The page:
If you’re looking to place your child with an adoptive family, here are some things to consider.

When considering adoption placement, you may be cautious—and rightfully so—about the family you select. In times past, birth mothers had little choice or knowledge of the adoptive home their child would be placed in. Now, however, open adoption and pre-birth matching are more common practices. This means you can thumb through countless profiles until you find the family that speaks to you. With so many hopeful adoptive families out there, what qualities will help you identify who is right for your child?

Home Study Approved

 While you can select hopeful adoptive parents who are not yet home study approved, they will not be able to accept adoption placement or finalize the adoption until they have completed a home study. A home study serves multiple purposes:

  • Education: They will receive training on many different adoption topics to help them navigate the adoption relationships and care for their child.
  • Background Checks: They will be vetted for criminal history and any major red flags.
  • Safety: Their home and family medical history will be reviewed to ensure the child is entering a good environment.

Religious Affiliation or Moral Alignment

 Often expecting mothers who are creating an adoption plan would like to make sure their child is raised in similar beliefs as she would raise her child or would want to raise her child. While religion is vital to some, it may be unimportant to others. So figuring out where you stand on that topic will help you narrow down your search.

Children or No Children

 While many expectant parents with an adoption plan would like to place their child in a home with no other children, many others love the idea of their child having a sibling or a whole houseful of children. Whether they have biological children, suffer from infertility, or are adopting for other reasons, it is important to consider what type of home environment you would like your child to grow up in.

Location, Location, Location

 If you are looking for an open adoption, considering the location of the adoptive family may be important to you. Depending on how much physical contact you’d like to have with them in the future, distance can play a role in that. If you want an open adoption with mostly phone, letter, text, or social media contact, then location won’t matter as much.

General Interests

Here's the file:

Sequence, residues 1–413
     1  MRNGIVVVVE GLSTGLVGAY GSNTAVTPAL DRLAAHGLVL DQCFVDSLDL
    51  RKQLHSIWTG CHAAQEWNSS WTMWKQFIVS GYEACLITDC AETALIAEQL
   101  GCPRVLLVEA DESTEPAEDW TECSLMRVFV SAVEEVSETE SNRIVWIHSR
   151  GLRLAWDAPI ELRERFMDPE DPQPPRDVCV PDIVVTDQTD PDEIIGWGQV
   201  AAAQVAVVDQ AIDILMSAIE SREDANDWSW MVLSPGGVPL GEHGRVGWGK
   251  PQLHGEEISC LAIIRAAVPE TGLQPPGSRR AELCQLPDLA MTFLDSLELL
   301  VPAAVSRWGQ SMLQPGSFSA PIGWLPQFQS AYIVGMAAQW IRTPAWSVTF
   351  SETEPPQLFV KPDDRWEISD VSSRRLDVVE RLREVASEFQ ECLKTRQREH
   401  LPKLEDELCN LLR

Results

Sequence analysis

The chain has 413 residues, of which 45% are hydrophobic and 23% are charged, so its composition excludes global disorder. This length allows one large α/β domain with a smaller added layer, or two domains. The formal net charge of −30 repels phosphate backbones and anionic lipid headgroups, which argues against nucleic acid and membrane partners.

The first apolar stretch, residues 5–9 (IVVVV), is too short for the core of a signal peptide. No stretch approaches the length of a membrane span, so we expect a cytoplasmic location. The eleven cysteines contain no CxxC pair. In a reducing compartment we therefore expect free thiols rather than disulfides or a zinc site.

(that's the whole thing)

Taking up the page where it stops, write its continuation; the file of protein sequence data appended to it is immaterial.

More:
After you have narrowed down your search on some key topics, you can start looking at hopeful adoptive families for their personality, interests, hobbies, careers, or other fun things. Do you have a favorite sports team? Maybe you will find an adopting family that shares that same passion. Do you love dogs? Maybe they have three!

Who Are They

 Get a feel for who they are by talking to them. What they are promising and how you connect with them will tell you a lot about how you feel. By being genuine and honest about your desires from the start, you will set yourself up to have a lasting, nurturing, and healthy relationship for your open adoption to succeed.

What qualities you want an adoptive family to have can vary a lot depending on your personal wants and needs. Selecting someone you trust to raise your child and maintain the level of openness you are comfortable with is the key. Finding balance in your new role as a birth mother can be challenging and can sometimes carry as much grief as happiness. Preparing yourself by deciding what qualities you want your child’s adoptive family to have will help you know you are choosing wisely.

Considering adoption? Choose a family to adopt your child. Visit Parent Profiles on Adoption.com or call 1-800-ADOPT-98. 

Sarah Baker is passionate about teaching others the power of open adoption and is very active in the adoption community, where she spends a lot of time advocating as the founder of Heart For Open Adoption. She is the mom of two boys, a mother biologically and through domestic infant open adoption. She and her husband were featured on season 2 of Oxygen’s “I’m Having Their Baby,” which tells the story of their first adoption match failing. Though it was once a taboo subject, Sarah hopes to make adoption something people are no longer afraid to talk about.